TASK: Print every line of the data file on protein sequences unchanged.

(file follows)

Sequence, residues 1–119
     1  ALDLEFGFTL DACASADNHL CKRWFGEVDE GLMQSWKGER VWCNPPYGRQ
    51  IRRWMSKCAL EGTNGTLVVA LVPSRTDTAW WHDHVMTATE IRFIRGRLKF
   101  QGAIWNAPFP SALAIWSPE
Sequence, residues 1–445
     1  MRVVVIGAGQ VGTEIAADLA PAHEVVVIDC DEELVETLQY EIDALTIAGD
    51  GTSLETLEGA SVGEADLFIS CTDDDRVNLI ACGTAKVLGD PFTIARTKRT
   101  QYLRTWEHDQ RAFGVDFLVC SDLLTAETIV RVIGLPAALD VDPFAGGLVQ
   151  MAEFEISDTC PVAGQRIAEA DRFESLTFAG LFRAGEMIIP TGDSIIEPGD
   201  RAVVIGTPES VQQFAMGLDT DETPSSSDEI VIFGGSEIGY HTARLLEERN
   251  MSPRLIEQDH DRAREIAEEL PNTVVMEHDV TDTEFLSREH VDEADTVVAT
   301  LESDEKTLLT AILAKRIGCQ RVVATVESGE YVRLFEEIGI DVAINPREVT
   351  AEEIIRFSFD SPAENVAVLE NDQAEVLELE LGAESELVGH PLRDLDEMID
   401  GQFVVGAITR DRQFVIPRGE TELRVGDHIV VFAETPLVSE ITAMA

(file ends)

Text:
Sequence, residues 1–119
     1  ALDLEFGFTL DACASADNHL CKRWFGEVDE GLMQSWKGER VWCNPPYGRQ
    51  IRRWMSKCAL EGTNGTLVVA LVPSRTDTAW WHDHVMTATE IRFIRGRLKF
   101  QGAIWNAPFP SALAIWSPE
Sequence, residues 1–445
     1  MRVVVIGAGQ VGTEIAADLA PAHEVVVIDC DEELVETLQY EIDALTIAGD
    51  GTSLETLEGA SVGEADLFIS CTDDDRVNLI ACGTAKVLGD PFTIARTKRT
   101  QYLRTWEHDQ RAFGVDFLVC SDLLTAETIV RVIGLPAALD VDPFAGGLVQ
   151  MAEFEISDTC PVAGQRIAEA DRFESLTFAG LFRAGEMIIP TGDSIIEPGD
   201  RAVVIGTPES VQQFAMGLDT DETPSSSDEI VIFGGSEIGY HTARLLEERN
   251  MSPRLIEQDH DRAREIAEEL PNTVVMEHDV TDTEFLSREH VDEADTVVAT
   301  LESDEKTLLT AILAKRIGCQ RVVATVESGE YVRLFEEIGI DVAINPREVT
   351  AEEIIRFSFD SPAENVAVLE NDQAEVLELE LGAESELVGH PLRDLDEMID
   401  GQFVVGAITR DRQFVIPRGE TELRVGDHIV VFAETPLVSE ITAMA